• Sauber

'Drastic' changes ahead for F1 - Kaltenborn

ESPN Staff
September 26, 2014 « Vettel: Driving style to blame for poor 2014 | Mallya proud of battle with 'great McLaren' »
The grid may look quite different in 2015 © Sutton Images

Sauber team principal Monisha Kaltenborn has warned that Formula One should brace itself for some "drastic" changes ahead of next year.

Three-car teams are back on the agenda after Bernie Ecclestone said he would rather see that than some of the smaller outfits running at the back of the grid. If the amount of cars on the grid drops below 20 - i.e. two teams drop out - the remaining nine teams will be obliged to field three-car teams to make up the numbers.

The prospect of one, two, or possibly three teams not making next year's grid has been speculated on in recent weeks, and Kaltenborn said the lack of further cost controls means it is likely to become reality.

"There's nothing being done and I think that some team principals, apart from myself, have said that something drastic needs to happen and then we'll react," she said. "But it's very difficult to explain to the people out there why we need that much money and we do have this image of burning cash here. Nobody can really understand that.

"I think something will happen, but I don't hope for it to happen because it's not good for any team. Something will happen because you can't go on at this level and you don't know the next thing that is going to come up that will again mean more costs.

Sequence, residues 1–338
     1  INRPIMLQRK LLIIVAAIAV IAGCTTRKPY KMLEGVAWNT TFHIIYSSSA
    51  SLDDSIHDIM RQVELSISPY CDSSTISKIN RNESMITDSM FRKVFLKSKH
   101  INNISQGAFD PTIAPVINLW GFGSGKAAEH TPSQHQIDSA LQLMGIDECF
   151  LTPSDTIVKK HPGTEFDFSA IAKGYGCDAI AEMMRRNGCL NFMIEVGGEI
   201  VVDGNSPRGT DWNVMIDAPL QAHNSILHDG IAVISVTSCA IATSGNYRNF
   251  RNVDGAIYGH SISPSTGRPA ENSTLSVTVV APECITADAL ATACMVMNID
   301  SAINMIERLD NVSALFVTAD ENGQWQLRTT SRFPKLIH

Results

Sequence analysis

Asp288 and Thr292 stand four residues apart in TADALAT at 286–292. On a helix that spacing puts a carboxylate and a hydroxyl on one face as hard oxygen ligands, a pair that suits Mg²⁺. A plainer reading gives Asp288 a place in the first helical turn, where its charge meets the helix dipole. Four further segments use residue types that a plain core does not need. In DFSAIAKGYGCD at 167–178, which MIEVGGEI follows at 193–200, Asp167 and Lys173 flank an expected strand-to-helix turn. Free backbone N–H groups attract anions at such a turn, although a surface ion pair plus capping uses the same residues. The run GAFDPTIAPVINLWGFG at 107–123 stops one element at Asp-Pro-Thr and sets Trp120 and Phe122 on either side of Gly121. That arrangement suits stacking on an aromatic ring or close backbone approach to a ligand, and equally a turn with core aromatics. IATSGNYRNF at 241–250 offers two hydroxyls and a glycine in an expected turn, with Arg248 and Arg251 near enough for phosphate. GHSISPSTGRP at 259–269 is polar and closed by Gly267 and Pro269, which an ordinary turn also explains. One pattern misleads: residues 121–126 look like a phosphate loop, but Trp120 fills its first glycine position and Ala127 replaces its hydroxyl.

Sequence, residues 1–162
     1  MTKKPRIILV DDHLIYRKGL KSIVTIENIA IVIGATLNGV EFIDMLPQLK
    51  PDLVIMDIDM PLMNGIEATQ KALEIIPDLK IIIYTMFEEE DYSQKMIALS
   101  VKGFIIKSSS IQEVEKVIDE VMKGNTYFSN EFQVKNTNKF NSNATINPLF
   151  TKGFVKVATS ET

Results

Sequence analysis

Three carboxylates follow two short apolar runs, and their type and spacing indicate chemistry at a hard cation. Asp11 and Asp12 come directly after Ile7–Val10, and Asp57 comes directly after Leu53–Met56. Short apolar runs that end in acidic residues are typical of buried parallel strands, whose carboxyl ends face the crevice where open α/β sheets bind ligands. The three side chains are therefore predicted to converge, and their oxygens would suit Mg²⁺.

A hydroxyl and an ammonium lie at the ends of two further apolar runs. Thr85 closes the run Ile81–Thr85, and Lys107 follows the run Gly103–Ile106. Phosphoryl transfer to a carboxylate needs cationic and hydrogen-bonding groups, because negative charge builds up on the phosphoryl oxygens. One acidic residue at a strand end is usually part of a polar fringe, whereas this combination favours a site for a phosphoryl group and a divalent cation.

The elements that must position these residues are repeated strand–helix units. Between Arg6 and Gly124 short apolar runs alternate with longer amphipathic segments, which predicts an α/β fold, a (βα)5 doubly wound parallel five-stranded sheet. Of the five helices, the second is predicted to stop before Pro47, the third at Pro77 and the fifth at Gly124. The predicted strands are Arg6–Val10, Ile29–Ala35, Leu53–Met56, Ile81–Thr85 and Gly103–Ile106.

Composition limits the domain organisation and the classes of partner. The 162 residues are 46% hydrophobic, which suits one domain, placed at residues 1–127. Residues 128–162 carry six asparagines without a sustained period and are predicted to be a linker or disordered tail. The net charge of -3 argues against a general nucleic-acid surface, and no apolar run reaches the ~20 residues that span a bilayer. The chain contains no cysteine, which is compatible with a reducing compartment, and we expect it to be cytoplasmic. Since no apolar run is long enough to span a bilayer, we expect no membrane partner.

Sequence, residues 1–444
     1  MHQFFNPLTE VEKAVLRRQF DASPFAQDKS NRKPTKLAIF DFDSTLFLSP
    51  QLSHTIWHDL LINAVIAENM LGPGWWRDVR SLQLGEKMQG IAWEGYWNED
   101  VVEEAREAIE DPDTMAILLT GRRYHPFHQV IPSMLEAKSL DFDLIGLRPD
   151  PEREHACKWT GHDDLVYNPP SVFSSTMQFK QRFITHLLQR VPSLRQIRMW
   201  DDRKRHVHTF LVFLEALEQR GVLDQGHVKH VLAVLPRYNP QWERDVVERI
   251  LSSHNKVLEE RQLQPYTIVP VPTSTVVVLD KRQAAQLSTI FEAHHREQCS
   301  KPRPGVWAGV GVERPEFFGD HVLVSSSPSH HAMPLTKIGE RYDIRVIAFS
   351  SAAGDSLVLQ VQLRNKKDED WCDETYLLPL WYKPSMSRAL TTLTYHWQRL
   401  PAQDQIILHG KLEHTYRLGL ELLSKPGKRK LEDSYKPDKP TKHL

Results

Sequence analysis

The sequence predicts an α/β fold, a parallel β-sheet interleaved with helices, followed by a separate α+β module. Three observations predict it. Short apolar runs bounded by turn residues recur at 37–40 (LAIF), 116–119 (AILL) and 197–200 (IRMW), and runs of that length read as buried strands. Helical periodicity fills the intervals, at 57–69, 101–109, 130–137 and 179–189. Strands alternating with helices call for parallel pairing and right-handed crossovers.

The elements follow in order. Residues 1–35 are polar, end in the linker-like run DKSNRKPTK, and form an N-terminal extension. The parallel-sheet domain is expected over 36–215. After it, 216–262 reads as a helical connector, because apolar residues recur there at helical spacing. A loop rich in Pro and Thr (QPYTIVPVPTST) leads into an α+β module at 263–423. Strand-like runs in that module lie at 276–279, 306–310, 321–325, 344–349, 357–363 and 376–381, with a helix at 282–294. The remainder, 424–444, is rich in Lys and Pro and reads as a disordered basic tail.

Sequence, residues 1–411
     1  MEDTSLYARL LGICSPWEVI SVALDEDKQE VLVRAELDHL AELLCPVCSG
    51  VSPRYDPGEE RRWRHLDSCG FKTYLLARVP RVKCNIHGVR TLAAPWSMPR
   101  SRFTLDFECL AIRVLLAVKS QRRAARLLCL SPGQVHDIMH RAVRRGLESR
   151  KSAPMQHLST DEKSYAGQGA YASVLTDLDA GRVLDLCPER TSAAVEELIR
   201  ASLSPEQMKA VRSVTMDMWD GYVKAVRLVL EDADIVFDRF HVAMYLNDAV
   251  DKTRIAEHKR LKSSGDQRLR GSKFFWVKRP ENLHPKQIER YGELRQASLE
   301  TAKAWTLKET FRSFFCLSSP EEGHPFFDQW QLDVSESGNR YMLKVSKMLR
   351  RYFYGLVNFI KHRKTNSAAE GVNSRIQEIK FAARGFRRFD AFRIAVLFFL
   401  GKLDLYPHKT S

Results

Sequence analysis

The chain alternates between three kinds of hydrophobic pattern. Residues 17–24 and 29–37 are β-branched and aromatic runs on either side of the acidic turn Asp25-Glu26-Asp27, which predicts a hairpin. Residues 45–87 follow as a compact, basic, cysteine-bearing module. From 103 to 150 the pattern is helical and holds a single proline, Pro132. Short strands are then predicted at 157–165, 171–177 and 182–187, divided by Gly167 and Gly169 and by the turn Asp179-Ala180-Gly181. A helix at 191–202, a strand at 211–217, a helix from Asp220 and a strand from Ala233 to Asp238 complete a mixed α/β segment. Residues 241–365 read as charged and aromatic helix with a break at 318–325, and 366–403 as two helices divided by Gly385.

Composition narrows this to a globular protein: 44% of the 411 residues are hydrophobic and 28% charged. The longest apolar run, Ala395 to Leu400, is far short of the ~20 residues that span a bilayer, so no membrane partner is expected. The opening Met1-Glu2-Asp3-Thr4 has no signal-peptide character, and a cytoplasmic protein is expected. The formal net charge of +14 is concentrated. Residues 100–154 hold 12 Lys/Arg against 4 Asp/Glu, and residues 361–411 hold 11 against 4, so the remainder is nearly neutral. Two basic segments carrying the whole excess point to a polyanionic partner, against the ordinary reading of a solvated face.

"It's actually very depressing to see that we can't all agree on the fact that we have to reduce our costs, and by a lot of money."

Asked directly if all 11 current teams would make 2015, she added: "I'm not so sure if that is going to be the case."

Kaltenborn said the current lack of agreement on controlling costs is even more absurd considering previous plans were put in place by cash-rich manufacturers such as BMW, Honda and Toyota when they were in the sport.

"Probably the more sarcastic part about it is that we had this kind of understanding when we had so many manufacturers in the sport. They did not need to look that much at cost cutting, yet they agreed the RRA as a first step to go ahead. Most of those manufacturers have now left and still we can't agree on that bare minimum."

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